Alan McGee said a while ago that if Oasis came out today they’d have been so much bigger because of social media, but Noel Gallagher says completely the opposite.
Piers: One thing that’s gone is that whole element of excitement you got from buying the NME and waiting for information, not knowing everything about everyone. I had it with Nirvana; they were so mysterious, if I was lucky I got to discover what was happening with Kurt and all the other bands I liked in a magazine. With platforms like Instagram all the intrigue’s gone, you can hear and see everything about someone. The last great band who were able to maintain their mystique was Nirvana. You’re a music fan before you’re a musician. I told myself when I was younger to prove that I’d buy the NME, go to Glastonbury every year and buy 2 or 3 records a week, now there’s almost no print music press, Glastonbury’s sold out in 20 minutes and you just listen to music online.
Nathan: I loved it when record stores in Notting Hill had all the promos. I used to get a few of them based purely off the name of the band. Now you don’t really approach music that way.
Piers: As soon as someone tells me to check something out, I’m doing it in 20 seconds.
Nathan. Yeah! Then you can judge whether you like it in 30 seconds and within a minute, you’ve done it all. In the past you used to wait a week to buy a record, take it home and then spend time getting used to it.
Piers: It can all be over in three songs – and that’s the way you now structure an album.
Speaking of albums, was Ghost Alive vocally your most challenging Nate? You’re up in the high register for quite a lot of it.
Nathan: Not like you might think. Parts of Ocean By Ocean were probably harder to do but it’s the early stuff, Exits era, that are really tough for me to sing now because back then I used to shout a lot more.
Piers: On some of the songs that combination of falsetto and loud instrumentation, making yourself heard and getting it right is quite a battle.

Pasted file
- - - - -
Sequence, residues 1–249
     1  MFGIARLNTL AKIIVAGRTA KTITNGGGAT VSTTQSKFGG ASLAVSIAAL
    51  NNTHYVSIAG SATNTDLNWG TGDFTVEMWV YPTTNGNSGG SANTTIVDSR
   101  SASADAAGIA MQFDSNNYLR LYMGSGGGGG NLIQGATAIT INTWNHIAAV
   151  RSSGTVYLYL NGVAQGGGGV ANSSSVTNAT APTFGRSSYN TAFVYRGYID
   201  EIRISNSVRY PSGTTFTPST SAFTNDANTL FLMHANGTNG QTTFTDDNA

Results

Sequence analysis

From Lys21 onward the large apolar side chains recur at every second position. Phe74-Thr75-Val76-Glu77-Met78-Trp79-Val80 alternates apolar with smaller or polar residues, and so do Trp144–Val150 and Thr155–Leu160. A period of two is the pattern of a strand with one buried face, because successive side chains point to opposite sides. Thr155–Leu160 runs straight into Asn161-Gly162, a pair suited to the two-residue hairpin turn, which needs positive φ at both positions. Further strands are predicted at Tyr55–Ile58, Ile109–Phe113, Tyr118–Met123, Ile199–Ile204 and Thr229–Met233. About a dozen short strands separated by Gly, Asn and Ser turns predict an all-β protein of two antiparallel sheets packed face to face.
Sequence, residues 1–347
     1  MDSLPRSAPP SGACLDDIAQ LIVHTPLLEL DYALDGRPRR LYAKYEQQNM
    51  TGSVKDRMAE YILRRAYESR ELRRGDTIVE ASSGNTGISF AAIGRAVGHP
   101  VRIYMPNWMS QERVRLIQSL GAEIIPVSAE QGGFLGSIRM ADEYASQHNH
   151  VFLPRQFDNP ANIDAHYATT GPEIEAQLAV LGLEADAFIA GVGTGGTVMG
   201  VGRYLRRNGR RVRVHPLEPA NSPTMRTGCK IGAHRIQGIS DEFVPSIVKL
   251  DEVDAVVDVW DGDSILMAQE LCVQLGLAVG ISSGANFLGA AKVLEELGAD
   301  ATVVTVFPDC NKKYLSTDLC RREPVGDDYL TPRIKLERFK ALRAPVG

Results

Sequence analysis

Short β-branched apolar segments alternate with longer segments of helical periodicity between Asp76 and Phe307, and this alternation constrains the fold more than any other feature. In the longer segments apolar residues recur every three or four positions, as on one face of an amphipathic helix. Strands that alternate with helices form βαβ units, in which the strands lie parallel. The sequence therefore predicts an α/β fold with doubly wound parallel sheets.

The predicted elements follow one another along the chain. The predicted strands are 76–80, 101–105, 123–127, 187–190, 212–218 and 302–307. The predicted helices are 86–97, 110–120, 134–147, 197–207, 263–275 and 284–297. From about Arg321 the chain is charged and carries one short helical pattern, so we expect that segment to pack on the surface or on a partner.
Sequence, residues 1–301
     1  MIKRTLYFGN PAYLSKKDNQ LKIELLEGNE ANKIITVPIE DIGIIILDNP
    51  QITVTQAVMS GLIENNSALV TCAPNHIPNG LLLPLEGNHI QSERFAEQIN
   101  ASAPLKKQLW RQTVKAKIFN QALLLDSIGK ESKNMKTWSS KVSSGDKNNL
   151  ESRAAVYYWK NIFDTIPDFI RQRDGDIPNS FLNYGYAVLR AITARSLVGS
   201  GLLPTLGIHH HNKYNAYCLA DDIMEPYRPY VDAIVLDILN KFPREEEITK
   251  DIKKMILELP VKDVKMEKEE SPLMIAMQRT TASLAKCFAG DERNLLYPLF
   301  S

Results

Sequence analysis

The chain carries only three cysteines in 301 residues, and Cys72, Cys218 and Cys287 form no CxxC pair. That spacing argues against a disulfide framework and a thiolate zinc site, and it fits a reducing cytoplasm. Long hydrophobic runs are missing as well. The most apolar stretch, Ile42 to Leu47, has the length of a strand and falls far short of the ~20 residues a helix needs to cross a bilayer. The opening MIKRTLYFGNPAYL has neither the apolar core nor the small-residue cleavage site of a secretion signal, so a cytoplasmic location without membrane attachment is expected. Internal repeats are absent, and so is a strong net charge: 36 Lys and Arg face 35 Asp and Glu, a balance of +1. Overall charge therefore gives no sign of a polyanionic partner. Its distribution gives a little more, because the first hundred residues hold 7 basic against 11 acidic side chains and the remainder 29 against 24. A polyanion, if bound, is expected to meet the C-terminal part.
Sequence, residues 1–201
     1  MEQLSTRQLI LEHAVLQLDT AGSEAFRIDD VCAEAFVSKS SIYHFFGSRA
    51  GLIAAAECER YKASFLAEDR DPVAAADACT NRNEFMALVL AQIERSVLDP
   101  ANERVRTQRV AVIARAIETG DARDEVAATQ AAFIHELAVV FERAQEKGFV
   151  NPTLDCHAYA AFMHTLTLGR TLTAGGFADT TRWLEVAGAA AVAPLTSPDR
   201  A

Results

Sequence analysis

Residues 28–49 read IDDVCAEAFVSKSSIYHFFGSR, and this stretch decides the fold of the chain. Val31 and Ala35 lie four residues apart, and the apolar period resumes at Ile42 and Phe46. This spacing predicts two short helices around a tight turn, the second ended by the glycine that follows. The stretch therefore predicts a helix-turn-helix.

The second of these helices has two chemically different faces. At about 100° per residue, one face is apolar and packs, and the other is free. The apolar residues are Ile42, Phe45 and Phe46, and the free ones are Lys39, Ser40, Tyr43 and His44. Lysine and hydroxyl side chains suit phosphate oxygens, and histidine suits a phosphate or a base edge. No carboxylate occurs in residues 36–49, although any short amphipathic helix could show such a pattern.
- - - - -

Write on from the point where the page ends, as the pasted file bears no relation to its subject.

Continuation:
It’s a very personal and emotional record. How did it feel like for the rest of the band when Nathan was writing these kind of songs?
Piers: Not as you may imagine. Andrew took a huge role in crafting the sound we wanted through the string and horn arrangements. The songs that came together were a mixture; some a few years old, some more recent, some we’d written as a band, some Nathan had written on his own. We wanted to create a ‘softer’ record. Andrew is more classically trained and did the arrangements, we went with Cecil who works with Flood and he brought it together, mostly in one room. The instruments and textures you put around certain songs and lyrics brings a certain balance.
Nathan: For me, it’s a really cohesive album. When you’re building records you don’t usually go back and try and frame them as much; having Andy look at it as a picture and scale back some elements meant you could redirect the energy back to the same place.
Andrew: There might not be a place for synths and drum machines so much when you’re in a certain mood, but we’re almost programmed from when we were young for orchestral music to really get to the heart – strings to convey things to you, so just having the presence of violins, cellos etc tend to push you in a certain direction emotionally.
Piers: I’m happy that you can’t just make a decision about it based on hearing 20 seconds. When people were hearing the songs from it for the first time at our shows we recognised that it’s hard to accurately reproduce a record like Ghost Alive, because we don’t have the instrumentation. But people have faith in us as a band to go and buy it anyway, which is kind of an old school approach which was really exciting for us.
Finally, are you thinking yet about a new album?
Piers: We’re always thinking about new songs, but an album is quite daunting in an environment where it’s so much effort for relatively little reward. It’s been over the period of making the last two or three that things have definitely changed. You work really hard to create one and then campaign-wise it comes out, and then just like that it’s over. People even drop releases now without telling you, there’s no anticipation, there’s no build-up and it’s very hard for albums to exist that way. It’s pretty unhealthy for bands of our size to put so much into them.
We’ll keep writing songs, and eventually they might be an album. We’ll keep feeding the machine.